Uncanny X-Men #482 (Marvel): Ed Brubaker and Billy Tan attempt another space opera with this saga of the Rise and Fall of the Shi'ar Empire here with some decent space-faring action and an eclectic mix of characters. I'm not blown away, but this is indeed more straightfoward than the convoluted X-Men titles have been in some time. Not overly friendly to a new reader, but maybe that's my fault for jumping in mid-arc. I've been getting remotely curious to see what kind of bruhaha will be unveiled for the impending 500th issue. Grade B-.

52: Week Thirty-Five (DC): One of the few effective covers in the run, which captures the mood perfectly as Luthor watches the folly of his experiments literally come crashing down. The Jimenez art bits boast a George Perez-ish affability in spots, but then it quickly degenerates into the safe, boring, middling mess that is Dan Jurgens' art, where everyone seems to have the same rounded, dopey, surprised expression on their face. Snarky Comment Alert! The best part of this issue was the ad for the Batman: Year 100 collection from Paul Pope. I was surprised to see Jimenez on art at all though, and was thinking it would be a nice long term strategic move if the "better" artists were assigned the last half of the run so it would end with a bang and garner some interest... points if DC does that. Plastic-Man has a son? Where have I been? Natasha finally listens to her dad after 20 issues of ignoring him and now decides he was right all along? Umm, ok. Grade C.

Nightwing #128 (DC): Dear Marv Wolfman, you are trying to capture the Jeph Loeb style narration boxes and the same inner monologue that Chuck Dixon kicked this title off with, but it fails horribly. It's just not interesting or insightful and some of the dialogue plays soooo melodramatic. "You hired an assassin! Oh god, what have you done?!" Who cares! Stealing dialogue from Pacino in Scarface or Penelope Anne Miller in The Freshman doesn't help your case either. Not to mention that some of those comments are horribly out of character for Dick (in addition to being tiredly lame). Also, Marv... "Code 1" usually means everything is copasetic in law enforcement lingo, what you were desperately trying to capture was actually "Code 3." Dear Dan Jurgens, why do your guns look like a grotesque combination of both revolver and automatic? They have the grips, trigger guard, and hammer housing of an automatic, but cylinder and barrel of a revolver. It's like drawing a submarine with wings, in its bizarre quest to be both, it is neither, thus a failure. It looks stupid. Overall, I just don't get the gravitas of the plot. Over at Marvel, the New Warriors blow up some kids and it causes Civil War. Here, Dick's enemy blows up a double decker tour bus full of people in the middle of New York, and... nothing happens! No mention, no reaction, a throw away panel, just move on to the next page! Instead, we focus on telegraphed moves with Luthor being the buyer, a visually 9/11-esque explosion of a high-rise done with poor taste (and much worse, no point). Poor Nightwing used to be my favorite DCU character so I thought I'd check in on him, alas, what a sad way to start the New Year. Grade F.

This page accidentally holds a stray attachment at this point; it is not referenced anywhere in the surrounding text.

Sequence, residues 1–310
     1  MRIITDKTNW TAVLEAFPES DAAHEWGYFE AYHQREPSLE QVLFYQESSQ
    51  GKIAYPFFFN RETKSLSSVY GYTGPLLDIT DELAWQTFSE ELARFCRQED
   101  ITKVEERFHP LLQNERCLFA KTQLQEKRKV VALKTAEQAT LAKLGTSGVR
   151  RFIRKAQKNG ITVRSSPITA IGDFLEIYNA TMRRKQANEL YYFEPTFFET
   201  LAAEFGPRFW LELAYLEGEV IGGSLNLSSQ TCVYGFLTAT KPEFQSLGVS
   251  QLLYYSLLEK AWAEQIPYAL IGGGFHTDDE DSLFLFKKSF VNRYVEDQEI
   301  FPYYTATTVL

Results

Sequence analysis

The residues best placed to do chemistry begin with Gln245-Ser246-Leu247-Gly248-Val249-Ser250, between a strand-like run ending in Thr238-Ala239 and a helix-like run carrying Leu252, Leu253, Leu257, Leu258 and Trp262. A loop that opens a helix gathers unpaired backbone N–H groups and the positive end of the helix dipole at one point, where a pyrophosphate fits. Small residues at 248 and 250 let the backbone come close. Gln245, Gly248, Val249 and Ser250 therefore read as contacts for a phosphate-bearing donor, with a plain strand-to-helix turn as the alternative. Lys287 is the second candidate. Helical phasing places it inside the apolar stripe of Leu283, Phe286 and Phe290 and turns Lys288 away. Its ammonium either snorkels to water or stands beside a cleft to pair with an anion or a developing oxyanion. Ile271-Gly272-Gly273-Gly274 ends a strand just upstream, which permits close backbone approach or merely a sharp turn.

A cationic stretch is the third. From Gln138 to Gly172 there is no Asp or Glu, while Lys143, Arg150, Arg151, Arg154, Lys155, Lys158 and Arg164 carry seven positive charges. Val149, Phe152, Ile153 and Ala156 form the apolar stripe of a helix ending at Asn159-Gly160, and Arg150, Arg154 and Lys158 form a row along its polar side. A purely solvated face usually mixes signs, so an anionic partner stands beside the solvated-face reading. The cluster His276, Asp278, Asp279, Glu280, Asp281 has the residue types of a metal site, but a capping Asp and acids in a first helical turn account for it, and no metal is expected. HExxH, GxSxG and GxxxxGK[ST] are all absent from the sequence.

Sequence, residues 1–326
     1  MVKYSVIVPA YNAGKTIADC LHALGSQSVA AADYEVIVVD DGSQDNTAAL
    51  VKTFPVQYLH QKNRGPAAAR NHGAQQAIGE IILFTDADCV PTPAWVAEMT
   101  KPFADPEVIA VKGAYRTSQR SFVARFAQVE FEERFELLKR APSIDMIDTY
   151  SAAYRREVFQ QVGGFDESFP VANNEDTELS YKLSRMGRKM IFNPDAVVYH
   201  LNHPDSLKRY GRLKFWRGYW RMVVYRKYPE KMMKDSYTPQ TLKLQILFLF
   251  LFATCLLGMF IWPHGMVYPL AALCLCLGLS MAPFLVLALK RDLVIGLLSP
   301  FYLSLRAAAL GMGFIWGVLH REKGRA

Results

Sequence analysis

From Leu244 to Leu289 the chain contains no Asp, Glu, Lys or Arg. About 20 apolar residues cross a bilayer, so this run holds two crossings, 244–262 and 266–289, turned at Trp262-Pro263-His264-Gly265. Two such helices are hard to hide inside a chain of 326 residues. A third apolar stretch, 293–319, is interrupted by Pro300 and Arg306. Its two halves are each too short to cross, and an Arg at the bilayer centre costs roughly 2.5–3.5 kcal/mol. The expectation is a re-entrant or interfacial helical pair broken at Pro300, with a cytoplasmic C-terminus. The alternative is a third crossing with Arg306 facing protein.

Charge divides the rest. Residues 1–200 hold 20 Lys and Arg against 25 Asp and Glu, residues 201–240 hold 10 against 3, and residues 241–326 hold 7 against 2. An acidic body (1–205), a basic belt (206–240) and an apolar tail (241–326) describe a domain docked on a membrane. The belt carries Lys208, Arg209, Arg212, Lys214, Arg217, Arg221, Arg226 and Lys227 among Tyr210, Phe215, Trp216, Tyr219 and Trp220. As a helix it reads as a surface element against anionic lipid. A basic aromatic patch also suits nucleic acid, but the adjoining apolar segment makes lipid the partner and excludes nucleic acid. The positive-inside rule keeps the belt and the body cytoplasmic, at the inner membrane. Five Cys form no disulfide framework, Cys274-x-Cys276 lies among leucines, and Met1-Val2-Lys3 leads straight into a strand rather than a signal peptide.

I also picked up, but didn't have time to read/review;

Scalped #1 (DC/Vertigo), Superman Confidential #3 (DC), NewUniversal #2 (Marvel), All-Star Superman #6 (DC), Fear Agent #10 (Image), Justice League of America #6 (DC), Glacial Period (NBM/ComicsLit), and Moon Knight: The Bottom TPB (Marvel).